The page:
THE DANGEROUS BOOK FOR BOYS by Conn and Hal Iggulden (Harper Collins), 288 pages, $29.95 cloth. Rating: NNNN
This eclectic collection of instruction, fiction, history and more hits two bull's-eyes in one go.
Authors/brothers Conn and Hal Iggulden have created what can only be described as a young boy's (sorry for the sex-specific slant, but I'll get to that in a sec) companion guide to, well, basically everything the Brothers Iggulden imagine is of interest to listless and/or adventurous young men. But it's also a treat for a nostalgic adult.
At first glance, The Dangerous Book appears to be a throwback to Victorian-era publications designed for a young male readership. It's full of tales of adventure and instructions on how to make a homemade battery and countless other genuinely informative sections of neat stuff relating to proper grammar, rules of soccer, famous battles, girls ("excitable bouts of wind breaking will not endear you to a girl"), astronomy, how to tell the age of a tree and... well, you get the point.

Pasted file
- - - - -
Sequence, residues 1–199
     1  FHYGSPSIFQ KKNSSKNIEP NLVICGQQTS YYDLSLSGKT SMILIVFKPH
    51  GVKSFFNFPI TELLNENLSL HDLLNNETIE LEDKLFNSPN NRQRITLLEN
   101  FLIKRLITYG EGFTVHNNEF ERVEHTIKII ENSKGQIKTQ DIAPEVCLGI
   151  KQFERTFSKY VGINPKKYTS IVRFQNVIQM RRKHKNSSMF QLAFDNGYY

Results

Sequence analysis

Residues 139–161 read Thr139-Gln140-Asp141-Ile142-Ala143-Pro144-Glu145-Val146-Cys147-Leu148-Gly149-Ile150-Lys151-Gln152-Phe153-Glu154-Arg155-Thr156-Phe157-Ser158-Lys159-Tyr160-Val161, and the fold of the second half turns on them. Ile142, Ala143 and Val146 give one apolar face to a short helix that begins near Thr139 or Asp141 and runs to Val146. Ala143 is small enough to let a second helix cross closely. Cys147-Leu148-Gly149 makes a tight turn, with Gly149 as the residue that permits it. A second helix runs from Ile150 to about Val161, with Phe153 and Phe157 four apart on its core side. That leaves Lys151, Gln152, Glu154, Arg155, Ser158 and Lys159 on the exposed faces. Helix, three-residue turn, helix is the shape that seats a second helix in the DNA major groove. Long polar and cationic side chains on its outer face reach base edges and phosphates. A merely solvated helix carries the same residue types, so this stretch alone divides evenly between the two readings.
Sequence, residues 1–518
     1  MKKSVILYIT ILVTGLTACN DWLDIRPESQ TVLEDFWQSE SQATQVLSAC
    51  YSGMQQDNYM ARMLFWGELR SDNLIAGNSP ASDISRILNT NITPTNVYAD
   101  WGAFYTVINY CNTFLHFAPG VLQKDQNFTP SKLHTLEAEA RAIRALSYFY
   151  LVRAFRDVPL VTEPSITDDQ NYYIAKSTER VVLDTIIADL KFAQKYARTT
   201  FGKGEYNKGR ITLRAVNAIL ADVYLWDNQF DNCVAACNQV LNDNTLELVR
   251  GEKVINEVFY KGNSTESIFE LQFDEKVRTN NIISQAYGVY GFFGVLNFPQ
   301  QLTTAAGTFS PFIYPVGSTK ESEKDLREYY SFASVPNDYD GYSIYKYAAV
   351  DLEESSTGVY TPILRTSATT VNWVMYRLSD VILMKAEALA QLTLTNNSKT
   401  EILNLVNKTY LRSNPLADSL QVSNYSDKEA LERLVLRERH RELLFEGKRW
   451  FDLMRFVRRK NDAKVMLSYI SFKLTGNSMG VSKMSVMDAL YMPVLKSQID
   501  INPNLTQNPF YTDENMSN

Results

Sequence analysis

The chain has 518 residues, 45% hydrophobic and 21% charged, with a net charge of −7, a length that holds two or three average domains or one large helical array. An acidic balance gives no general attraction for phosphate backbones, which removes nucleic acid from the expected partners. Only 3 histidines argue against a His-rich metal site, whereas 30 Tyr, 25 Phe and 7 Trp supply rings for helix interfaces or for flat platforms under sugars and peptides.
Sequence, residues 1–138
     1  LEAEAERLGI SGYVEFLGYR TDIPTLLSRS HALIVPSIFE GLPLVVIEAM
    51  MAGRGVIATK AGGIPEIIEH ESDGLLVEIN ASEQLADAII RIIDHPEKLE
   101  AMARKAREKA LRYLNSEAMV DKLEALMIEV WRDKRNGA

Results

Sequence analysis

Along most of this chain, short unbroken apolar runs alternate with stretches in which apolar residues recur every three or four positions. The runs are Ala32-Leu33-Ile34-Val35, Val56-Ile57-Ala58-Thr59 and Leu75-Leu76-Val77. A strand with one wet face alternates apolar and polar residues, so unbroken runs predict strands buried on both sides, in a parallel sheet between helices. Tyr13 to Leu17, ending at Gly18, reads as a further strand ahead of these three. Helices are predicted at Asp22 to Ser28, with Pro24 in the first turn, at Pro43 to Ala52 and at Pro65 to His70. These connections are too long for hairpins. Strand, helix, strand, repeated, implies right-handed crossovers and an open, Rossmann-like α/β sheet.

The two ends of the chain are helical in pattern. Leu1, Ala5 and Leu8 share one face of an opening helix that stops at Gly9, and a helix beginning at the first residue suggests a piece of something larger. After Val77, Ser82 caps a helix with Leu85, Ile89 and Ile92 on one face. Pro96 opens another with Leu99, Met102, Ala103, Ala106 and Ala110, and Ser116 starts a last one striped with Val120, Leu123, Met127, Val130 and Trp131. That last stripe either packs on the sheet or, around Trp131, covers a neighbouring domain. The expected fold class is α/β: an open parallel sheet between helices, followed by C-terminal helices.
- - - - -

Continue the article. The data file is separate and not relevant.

The project is obviously a labour of love. In the introduction, the authors suggest that in this "age of video games and cellphones, there must still be a place for knots, tree houses and stories of incredible courage" - a point surely not missed by anyone old enough to reminisce about being young and carefree.
Okay, that may sound a little too mushy, but along with the shameless heartstring-tugging, the book offers an interesting and intentional throwback to a long-gone era when things like a book unapologetically and exclusively for rambunctious young boys were much more commonplace. (In fact, The Daring Book For Girls was recently released.)
And if you look past the nostalgia factor, you end up with a perfectly wonderful book full of facts and projects for guys of all ages who want to do something other than waste away on their asses in front of the computer.